With little attendance and mounting losses, team goes to North Carolina.
By BRANT JAMES, Times Staff Writer
© St. Petersburg Times
published December 4, 2002
Winston-Salem Parrots. Doesn't really ring, but it'll have to do.
Mired in debt, hemorrhaging money and failing miserably at the box office, the sparse vestiges of St. Petersburg's latest failed sports venture were shipped to North Carolina on Tuesday after just 16 games. Parrots owner Bill Coffey, also founder and CEO of the new Atlantic Coast Hockey League, made the decision after trying to secure local ownership.
"I just don't know why this didn't work," Coffey said. "Maybe if we had more time. Maybe if we had a better staff. We had a pretty good hockey club.
"This is news for me. In 19 years in this business, I've never seen anything like this."
Averaging 797 fans -- lowest in the league by 690 -- through six dates at the Times Arena at Bayfront Center, with 25 season-ticket holders and virtually no corporate support, the Parrots, Coffey said, had lost $300,000 and were projected to lose $742,000. Coffey, who as league founder did not have to pay the $100,000 franchise fee, said he offered to absorb $250,000 of the losses to find a local owner.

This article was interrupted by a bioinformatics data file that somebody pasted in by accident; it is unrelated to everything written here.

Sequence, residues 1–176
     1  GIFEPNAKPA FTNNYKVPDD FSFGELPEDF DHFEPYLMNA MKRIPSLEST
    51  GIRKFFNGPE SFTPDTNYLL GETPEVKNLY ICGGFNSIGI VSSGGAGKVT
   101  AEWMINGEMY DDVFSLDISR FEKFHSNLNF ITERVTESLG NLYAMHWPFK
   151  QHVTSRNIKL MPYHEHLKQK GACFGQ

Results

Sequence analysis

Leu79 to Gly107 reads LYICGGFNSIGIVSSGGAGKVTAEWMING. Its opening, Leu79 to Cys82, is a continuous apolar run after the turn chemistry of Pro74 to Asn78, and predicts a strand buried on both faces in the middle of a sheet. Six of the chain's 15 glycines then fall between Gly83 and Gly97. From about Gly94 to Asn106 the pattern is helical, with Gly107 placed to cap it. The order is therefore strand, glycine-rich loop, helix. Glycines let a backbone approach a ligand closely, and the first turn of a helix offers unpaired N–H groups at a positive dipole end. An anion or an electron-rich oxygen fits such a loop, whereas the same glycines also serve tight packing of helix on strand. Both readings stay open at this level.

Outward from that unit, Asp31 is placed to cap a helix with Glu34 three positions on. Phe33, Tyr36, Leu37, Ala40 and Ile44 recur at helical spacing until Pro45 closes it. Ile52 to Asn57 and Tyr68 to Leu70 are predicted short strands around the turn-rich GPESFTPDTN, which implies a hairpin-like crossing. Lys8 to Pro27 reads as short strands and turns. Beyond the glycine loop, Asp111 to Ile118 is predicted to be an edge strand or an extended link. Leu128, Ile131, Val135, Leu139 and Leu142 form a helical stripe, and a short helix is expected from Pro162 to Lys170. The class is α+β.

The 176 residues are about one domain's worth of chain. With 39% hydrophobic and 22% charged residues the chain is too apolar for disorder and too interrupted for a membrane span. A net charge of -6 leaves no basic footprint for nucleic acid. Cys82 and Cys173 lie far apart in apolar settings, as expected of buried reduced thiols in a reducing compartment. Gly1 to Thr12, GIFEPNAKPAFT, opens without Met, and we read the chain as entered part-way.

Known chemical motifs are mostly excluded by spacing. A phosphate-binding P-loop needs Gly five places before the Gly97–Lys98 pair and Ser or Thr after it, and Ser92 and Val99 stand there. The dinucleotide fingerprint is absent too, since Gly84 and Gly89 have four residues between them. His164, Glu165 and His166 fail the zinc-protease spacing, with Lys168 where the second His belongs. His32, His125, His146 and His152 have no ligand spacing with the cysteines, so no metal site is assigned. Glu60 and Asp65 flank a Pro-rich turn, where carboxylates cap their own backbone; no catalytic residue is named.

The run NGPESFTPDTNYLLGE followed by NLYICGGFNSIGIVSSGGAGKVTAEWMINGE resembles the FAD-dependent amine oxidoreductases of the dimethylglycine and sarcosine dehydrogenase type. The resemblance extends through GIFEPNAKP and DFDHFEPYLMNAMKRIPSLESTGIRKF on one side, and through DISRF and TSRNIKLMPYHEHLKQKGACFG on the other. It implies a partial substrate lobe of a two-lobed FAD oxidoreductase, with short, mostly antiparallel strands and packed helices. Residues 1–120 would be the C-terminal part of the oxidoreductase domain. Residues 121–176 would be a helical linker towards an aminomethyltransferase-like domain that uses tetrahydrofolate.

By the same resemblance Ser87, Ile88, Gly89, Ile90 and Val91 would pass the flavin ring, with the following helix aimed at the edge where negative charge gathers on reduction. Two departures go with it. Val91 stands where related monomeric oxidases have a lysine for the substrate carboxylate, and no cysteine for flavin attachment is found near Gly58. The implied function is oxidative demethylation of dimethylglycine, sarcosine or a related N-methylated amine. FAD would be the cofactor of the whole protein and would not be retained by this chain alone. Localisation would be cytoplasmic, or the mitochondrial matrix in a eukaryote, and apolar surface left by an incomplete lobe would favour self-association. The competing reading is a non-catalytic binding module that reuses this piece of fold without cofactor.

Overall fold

Mike Barber, St. Petersburg's director of downtown facilities, said the team paid all of its bills before leaving.
"It's disappointing whenever you put that much effort into something," he said. "I feel badly for them. They invested cash and a lot of equity to get the team up and running. For us, it's disappointing, but financially, we're covered."
The Parrots, who were scheduled to play at home against Jacksonville on Tuesday, are expected to begin play next weekend at Veterans Memorial Coliseum, where Coffey fielded his first minor-league hockey team in 1984.
Coffey took a poorly attended homestand Nov. 28-30 and the breakdown of the arena Zamboni machine as a sign it was time to leave.
"I was hoping maybe this week we could turn it around," he said. "We were selling tickets for $5 and $8 and the numbers still weren't going to be good. When the Zamboni broke down, I was thinking to myself, 'Someone is telling me to get out of here.' Nothing great happened for me here. I want to see the light at the end of the tunnel and I couldn't find the tunnel."
The Parrots join the Renegades (Sunshine Hockey League) and Tampa Bay Thunderdawgs, Windjammers, Sunblasters and Thrillers (basketball) in withering at the Bayfront Center, but Coffey continued to assert St. Petersburg as viable for minor-league sports. He even suggested an ACHL expansion team could come to town "if they would have us back."
"I just hope I didn't damage this town for minor-league hockey," he said.